Thanksgiving Reading & Math Activities Printables- SPED & Autism Resources

$4.50
Alphabet Chase

Alphabet Chase

$10.00

Basic Skills

The following learning disability apps help teach children the necessary skills, from social cues to emotions. Whether they have a speech impairment or not, many children with special needs struggle with social skills, and sometimes basic things are hard to grasp. But they need to develop the coping, emotional, and social skills if they are going to develop healthy friendships and relationships. These apps can help reinforce emotional regulation and communication skills to help special-needs students build relationships.

Otismo Special Education ABA

The Osmo special education ABA app is developed for people diagnosed with learning disabilities, ADHD, autism, Aspergers, Down syndrome, and other special needs. Parents, psychologists, and special education teachers aided in creating this app. The games within the app teach core skills such as words, letters, numbers, emotions, colors, animals, matching, drawing, ordering, and sound games. There is also a premium version of this app, which does come with a subscription cost.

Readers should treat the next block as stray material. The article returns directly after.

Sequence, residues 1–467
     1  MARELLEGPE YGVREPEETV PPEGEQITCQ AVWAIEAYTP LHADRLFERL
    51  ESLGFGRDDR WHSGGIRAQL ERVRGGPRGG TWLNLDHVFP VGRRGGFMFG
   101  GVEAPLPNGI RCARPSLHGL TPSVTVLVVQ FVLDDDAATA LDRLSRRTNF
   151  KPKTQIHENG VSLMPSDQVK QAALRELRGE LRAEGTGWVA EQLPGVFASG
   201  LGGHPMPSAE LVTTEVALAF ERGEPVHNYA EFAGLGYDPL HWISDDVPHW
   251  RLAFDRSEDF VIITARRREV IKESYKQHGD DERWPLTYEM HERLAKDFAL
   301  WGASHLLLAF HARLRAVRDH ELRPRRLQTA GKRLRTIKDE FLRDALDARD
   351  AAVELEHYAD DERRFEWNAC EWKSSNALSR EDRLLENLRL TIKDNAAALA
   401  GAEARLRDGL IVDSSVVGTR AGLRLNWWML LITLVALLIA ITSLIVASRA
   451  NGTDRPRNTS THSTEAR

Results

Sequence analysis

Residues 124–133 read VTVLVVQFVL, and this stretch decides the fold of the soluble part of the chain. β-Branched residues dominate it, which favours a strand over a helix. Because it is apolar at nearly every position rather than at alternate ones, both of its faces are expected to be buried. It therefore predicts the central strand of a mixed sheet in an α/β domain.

Build it up – ADHD and Autism

The Build it Up app helps individuals to develop excellent motor and visual perception skills. It also teaches primary math concepts. The goal of each game in the app is to assemble parts to create an image.

See Touch Learn

This app is a visual instruction tool for students with autism and other special needs. Professionals developed over 4,000 pictures and 2,000 exercises in the app. Custom lessons can be created using the starter library.

Autism Emotion